Zep Solar, the US rooftop PV mounting systems specialist backed by SolarCity, will launch its products into the UK market later this year, the company has told PV Tech.
On a visit to the company’s recently opened office in Milton Keynes in the English county of Buckinghamshire, PV Tech spoke to Chad Medcroft, vice president of Zep’s global applications and Joanne Ferriter, managing director of Zep’s UK division. The company was acquired by SolarCity in October 2013 and the opening of the UK office has apparently led to some industry rumours that the parent company will also be looking to hit the UK soon, but Zep’s reps in the UK refused to be drawn on the speculation.
According to Medcroft and Ferriter, Zep Solar is currently conducting pilots for a UK version of ZSPeak, a snap-together mounting solution for East-West orientated commercial rooftop PV which was launched in the US late last year. The firm expects that to then move into full production before long, the pair said.
ZS Trap, a commercial mounting system for metal trapezoid roofs – which are fairly common for commercial properties in the UK – will be piloted from August and through September, leading to a “full ramp sometime in October or November,” Medcroft said.
The company is also active in the residential market globally. In addition to the US, Zep Solar is also partnered with Japanese trading company Marubeni for household PV mounting systems in that market. In the UK, Zep Solar plans early pilots in that sector at an unspecified timeframe later in the year, but hopes to have the product rolled out around autumn, possibly to coincide with the Solar Energy UK show (disclosure: Solar Energy UK is hosted by PV Tech’s publisher, Solar Media).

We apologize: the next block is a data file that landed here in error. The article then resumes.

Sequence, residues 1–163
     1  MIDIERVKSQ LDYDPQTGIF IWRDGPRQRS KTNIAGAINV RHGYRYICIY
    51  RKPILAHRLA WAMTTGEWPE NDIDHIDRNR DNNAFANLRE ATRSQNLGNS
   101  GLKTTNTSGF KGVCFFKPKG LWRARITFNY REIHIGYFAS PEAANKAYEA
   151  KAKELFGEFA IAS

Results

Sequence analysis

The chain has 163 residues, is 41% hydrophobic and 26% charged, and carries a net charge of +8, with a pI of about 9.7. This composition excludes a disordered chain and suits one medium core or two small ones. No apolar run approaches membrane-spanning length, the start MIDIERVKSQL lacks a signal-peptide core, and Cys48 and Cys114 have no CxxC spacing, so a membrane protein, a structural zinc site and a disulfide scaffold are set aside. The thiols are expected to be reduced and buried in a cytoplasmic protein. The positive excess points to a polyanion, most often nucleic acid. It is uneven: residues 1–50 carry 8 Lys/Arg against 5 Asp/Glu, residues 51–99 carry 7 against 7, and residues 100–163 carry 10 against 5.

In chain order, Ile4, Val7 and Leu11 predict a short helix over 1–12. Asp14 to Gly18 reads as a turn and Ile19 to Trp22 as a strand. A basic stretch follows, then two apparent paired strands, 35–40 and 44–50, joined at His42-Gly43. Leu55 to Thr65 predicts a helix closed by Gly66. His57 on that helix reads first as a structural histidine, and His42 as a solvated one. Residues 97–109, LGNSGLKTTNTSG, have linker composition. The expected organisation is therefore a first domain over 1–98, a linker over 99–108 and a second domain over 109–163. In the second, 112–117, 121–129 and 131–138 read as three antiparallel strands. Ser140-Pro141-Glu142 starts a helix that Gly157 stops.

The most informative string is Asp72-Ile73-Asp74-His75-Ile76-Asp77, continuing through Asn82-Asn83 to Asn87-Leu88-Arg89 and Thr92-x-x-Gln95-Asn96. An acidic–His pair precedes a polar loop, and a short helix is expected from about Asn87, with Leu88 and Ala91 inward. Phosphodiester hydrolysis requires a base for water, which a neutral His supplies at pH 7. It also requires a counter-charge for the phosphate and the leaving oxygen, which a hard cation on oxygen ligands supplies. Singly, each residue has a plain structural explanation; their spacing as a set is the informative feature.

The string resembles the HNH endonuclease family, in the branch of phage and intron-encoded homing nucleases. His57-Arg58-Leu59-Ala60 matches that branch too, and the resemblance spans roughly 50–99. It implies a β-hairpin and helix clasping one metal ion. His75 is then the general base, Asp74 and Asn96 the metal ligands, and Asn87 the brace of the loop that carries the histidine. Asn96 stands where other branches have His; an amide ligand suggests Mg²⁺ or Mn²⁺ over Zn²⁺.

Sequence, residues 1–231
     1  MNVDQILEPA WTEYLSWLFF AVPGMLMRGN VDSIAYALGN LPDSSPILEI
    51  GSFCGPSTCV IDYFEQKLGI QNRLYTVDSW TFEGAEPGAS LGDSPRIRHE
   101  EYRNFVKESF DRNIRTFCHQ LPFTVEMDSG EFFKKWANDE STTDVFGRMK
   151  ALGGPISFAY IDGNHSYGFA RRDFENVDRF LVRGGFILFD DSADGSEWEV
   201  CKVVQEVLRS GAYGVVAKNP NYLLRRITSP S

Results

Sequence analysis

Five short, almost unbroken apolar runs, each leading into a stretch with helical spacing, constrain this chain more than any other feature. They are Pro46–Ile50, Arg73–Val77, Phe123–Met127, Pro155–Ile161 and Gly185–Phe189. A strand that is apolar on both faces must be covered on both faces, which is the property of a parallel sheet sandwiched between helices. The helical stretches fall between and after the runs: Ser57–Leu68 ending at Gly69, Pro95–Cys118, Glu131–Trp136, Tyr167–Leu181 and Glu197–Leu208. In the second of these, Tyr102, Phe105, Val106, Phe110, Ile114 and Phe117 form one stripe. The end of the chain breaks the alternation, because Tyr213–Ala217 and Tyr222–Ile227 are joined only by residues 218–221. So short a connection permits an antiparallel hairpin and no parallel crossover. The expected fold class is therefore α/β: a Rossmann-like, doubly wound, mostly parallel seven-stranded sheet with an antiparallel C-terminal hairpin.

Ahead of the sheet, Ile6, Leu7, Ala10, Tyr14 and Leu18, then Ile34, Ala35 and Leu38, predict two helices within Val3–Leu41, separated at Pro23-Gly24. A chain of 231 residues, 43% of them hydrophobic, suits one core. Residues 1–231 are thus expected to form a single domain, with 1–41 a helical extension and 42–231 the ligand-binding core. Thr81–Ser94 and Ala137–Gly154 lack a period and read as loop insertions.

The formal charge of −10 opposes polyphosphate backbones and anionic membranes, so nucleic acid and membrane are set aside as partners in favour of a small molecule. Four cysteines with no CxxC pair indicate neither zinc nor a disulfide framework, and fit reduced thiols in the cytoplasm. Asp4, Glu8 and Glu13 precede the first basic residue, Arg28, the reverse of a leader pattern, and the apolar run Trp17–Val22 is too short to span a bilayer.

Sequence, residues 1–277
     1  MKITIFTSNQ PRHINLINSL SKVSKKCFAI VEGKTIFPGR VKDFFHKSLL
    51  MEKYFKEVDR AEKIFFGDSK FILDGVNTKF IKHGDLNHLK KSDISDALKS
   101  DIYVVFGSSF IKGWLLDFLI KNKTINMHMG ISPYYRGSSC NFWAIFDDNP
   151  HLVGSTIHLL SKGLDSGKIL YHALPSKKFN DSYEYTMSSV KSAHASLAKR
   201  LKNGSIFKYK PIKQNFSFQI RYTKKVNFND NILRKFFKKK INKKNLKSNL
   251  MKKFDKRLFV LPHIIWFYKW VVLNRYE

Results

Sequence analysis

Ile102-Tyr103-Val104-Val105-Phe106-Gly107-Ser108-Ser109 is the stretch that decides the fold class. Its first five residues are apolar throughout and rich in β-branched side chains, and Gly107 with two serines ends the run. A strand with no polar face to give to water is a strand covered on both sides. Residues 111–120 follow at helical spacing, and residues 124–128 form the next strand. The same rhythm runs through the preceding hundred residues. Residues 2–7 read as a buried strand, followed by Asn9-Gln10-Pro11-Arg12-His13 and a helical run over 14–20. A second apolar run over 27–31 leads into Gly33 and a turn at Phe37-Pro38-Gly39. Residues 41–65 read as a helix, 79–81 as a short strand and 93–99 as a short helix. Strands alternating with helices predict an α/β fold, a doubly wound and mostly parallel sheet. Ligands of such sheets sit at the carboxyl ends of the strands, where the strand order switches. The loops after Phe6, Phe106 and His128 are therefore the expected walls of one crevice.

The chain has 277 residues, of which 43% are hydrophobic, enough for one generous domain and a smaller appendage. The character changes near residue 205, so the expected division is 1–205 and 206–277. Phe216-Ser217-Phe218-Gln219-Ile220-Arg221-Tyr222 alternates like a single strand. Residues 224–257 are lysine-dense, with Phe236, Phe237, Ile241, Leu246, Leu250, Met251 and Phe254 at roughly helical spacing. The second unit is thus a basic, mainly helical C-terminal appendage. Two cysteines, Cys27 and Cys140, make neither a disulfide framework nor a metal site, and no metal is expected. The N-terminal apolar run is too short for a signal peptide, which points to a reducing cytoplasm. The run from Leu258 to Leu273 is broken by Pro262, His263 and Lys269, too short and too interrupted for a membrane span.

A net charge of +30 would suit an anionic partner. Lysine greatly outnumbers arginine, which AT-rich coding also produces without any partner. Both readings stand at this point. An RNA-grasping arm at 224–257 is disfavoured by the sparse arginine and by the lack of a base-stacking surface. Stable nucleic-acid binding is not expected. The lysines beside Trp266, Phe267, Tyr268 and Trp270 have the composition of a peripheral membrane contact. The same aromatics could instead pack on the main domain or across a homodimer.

Zep Solar made its name adding simple innovations to in order to reduce labour and materials costs to its systems, including the Zep Groove, a standardised groove cut into rooftop mounting frames. According to Medcroft, this makes the frames interchangeable from commercial to household scale. Ferriter added that so far, Zep has formed an initial strategic partnership with Hanwha Q Cells to make its PV modules compatible with Zep’s frames and mounting. However, outside the UK, more than 20 modules are classed as 'Zep-compatible' and the company looks likely to repeat this approach in Britain in future.
Zep’s offices are located in a new town development just a few miles north of London that has been planned and built up over the past few decades and is known to be actively encouraging international tech companies, including renewables, to be based there. Chad Medcroft and Joanne Ferriter said that Zep is looking to recruit more staff and expand its base.
“It’s fair to say we’re going to be expanding and adding more personnel in our office soon,” Medcroft said.
The UK government has often spoken of a desire to stimulate activity in the commercial rooftop sector, even as the Conservative government sworn into office in May this year appears to be unsure of how to handle renewable energy, announcing policy reviews amid reports that dedicated funds for clean energy may have gone over budget. This has so far not deterred other international players in solar from taking the UK seriously, with Japan's Solar Frontier recently opening a London office to target all segments, including commercial rooftops.